There no real good way to review this book, so I am not going to. And if you're not a fan, nothing I say will change your mind. If you are a fan, you already know everything I could possibly say.
Was President Obama perfect? No.
Do I believe he had the best interest of our nation at heart in his eight years in office and served admirably? Undoubtedly, yes.
So, I am just going to share some highlights I found especially poignant. It was such a relief reading this book, to "hear" the voice of an adult who understood the weight of the world on his shoulders as he steered our country through tumultuous times and brought us out of terrible economic conditions. I read it in the first week of December 2020, as four years of chaos, incompetence, and greed were finally sort of winding down. It was very easy to slip into Barack-Obama-is-talking-to-me mode, because that's what it felt like, a conversation between friends.
Highly highly recommended.
"Perhaps most troubling of all, our democracy seems to be teetering on the brink of crisis - a crisis rooted in a fundamental contest between two opposing visions of what America is and what it should be; a crisis that has left the body politic divided, angry, and mistrustful, and has allowed for an ongoing breach of institutional norms, procedural safeguards, and an adherence to basic facts that both Republicans and Democrats once took for granted" (1%).
"Do we care to match the reality of America to its ideals? If so, do we really believe that our notions of self-government and individual freedom, equality of opportunity and equality before the law, apply to everybody? Or are we instead committed, in practice if not in statute, to reserving those things for the privileged few?" (1%).
"...we will learn to live together, cooperate with one another, and recognize the dignity of others, or we will perish. As so the world watches America - the only great power in history to be made up of people from every corner of the planet, comprising every race and faith and cultural practice - to see if our experiment in democracy can work. To see if we can do what no other nation has ever done. To see if we can live up to the meaning of our creed" (1%).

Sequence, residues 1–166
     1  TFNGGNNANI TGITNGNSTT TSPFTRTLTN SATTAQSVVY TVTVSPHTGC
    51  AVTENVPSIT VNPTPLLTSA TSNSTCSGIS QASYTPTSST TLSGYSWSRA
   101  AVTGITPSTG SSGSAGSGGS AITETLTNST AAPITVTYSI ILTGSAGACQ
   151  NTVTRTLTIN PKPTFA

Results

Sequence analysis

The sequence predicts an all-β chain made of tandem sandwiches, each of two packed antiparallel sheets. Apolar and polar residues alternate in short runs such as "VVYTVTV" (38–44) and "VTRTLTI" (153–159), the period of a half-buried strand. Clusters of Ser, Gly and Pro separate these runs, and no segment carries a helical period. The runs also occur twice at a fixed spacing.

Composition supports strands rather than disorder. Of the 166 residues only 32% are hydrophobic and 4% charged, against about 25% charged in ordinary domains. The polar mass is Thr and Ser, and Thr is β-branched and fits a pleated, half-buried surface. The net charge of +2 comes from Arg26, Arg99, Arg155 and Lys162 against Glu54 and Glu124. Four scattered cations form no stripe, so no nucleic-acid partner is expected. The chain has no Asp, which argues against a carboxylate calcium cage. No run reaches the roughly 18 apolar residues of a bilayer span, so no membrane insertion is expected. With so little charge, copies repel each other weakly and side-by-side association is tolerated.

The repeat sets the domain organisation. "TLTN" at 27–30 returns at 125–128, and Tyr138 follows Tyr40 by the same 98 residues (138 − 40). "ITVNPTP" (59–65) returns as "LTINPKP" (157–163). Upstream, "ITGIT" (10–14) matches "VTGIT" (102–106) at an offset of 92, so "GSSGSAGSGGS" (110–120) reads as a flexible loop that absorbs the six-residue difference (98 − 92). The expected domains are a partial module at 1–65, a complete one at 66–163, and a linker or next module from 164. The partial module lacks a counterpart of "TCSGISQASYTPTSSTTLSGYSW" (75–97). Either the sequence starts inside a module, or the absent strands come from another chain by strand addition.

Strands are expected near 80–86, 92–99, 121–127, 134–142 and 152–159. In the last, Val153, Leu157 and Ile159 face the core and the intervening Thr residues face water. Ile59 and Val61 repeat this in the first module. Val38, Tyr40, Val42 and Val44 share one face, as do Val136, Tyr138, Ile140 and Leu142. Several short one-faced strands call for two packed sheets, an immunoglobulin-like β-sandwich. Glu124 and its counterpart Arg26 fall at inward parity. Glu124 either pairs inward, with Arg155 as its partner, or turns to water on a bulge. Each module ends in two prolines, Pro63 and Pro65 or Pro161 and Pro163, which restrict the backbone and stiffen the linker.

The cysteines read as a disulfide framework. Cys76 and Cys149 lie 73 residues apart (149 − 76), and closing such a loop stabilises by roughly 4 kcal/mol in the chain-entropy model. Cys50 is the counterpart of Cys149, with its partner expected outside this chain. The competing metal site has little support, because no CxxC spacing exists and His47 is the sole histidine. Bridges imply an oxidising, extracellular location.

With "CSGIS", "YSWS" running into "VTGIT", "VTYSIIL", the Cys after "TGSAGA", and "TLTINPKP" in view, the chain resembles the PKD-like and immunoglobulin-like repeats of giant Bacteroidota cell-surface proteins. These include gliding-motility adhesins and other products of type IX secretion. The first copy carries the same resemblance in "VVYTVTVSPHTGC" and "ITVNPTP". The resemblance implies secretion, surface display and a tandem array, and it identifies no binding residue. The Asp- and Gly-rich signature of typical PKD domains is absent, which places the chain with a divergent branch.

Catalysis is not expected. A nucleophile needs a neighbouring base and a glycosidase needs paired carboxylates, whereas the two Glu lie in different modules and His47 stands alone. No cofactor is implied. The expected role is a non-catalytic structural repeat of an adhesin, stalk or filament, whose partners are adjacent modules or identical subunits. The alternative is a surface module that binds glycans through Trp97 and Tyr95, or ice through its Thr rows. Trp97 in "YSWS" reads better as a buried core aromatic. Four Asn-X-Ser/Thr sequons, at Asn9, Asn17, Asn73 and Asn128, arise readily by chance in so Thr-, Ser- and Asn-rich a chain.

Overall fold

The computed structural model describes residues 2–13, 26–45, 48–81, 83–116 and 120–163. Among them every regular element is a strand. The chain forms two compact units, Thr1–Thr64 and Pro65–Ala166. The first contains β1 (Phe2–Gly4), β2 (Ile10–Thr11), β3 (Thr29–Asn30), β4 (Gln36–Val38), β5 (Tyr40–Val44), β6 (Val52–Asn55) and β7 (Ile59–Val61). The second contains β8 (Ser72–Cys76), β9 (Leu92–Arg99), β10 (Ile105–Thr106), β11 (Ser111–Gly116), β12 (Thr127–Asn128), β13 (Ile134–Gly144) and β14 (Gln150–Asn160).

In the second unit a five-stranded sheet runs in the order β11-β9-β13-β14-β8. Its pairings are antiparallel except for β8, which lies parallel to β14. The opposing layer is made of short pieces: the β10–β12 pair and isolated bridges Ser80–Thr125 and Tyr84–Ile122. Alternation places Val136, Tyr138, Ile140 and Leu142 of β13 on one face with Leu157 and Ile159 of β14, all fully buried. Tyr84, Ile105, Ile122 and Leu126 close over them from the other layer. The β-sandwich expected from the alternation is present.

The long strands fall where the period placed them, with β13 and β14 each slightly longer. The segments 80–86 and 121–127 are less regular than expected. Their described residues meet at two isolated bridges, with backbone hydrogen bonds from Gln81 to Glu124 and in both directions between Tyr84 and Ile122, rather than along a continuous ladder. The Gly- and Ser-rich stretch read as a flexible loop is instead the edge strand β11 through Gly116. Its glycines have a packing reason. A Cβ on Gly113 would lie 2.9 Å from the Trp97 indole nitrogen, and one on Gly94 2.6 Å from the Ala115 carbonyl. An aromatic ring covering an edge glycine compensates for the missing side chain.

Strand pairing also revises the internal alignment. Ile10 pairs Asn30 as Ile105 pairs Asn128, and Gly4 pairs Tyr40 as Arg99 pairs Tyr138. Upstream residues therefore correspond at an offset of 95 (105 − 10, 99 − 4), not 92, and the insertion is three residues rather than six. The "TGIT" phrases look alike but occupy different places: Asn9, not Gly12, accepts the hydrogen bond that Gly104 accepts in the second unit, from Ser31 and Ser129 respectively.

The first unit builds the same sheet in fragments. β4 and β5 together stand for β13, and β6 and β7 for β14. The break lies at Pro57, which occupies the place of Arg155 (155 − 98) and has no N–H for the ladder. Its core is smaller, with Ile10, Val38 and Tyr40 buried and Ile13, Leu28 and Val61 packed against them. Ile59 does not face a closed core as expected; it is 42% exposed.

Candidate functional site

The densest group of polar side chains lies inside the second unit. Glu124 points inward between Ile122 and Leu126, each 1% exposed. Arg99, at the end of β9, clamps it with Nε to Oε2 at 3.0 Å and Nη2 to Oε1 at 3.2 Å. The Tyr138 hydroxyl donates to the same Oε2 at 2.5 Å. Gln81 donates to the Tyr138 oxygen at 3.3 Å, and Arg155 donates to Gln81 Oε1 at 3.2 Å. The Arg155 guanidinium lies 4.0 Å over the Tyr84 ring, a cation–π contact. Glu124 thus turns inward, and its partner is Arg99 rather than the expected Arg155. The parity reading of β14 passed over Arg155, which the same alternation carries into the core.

"More than anyone, this book is for those young people - an invitation to once again remake the world, and to bring about, through hard work, determination, and a big dose of imagination, an American that finally aligns with all that is best in us" (1%).
Ted Kennedy (8%): "The power to inspire is rare. Moments like this are rare. You think you may not be ready; that you'll do it at a more convenient time. But you don't choose the time. The time chooses you. Either you seize what might turn out to be the only chance you have, or you decide you are willing to live with the knowledge that the chance has passed you by."
Discussing his candidacy (9%): "But who knows," I said, looking around the table. "There's no guarantee we can pull it off. here's one thing I know for sure, though. I know that the day I raise my right hand and take the oath to be president of the United States, the world will start looking at America differently. I know that kids around this country - Black kids, Hispanic kids, kids who don't fit in - they'll see themselves differently, too, their horizons lifted, their possibilities expanded. And that alone...that would be worth it."
A lesson from John McCain (you can disagree with much of his politics as I do, but you also have to admire how he responded multiple times to the blatant racism, bigotry, and disrespect that began so heavily permeating politics when Obama began his campaign) (21%): "I have to tell you, he is a decent person and a person that you do not have to be scared of as president of the United States," he said, causing his audience to boo lustily. Answering another question, he said, "We want to fight, and I will fight. But we will be respectful. I admire Senator Obama and his accomplishments. I will respect him. I want everyone to be respectful and let's make sure we are because that's the way politics should be conducted in America."
On the bin Laden mission (74%): Then, with a suddenness I didn't expect, we heard McRaven's and Leon's voices, almost simultaneously, utter the words we'd been waiting to hear - the culmination of months of planning and years of intelligence gathering. "Geronimo ID'd...Geronimo EKIA." Enemy killed in action. Osama bin Laden - code-named "Geronimo" for the purposes of the mission - - the man responsible for the worst terrorist attack in American history, the man who had directed the murder of thousands of people and set in motion a tumultuous period of world history, had been brought to justice by a team of American Navy SEALs. Inside the conference room, there were audible gasps. My eyes remained glued to the video feed. "We got him," I said softly.
I will never forget that announcement as long as I live. We got him. Thank you, President Obama.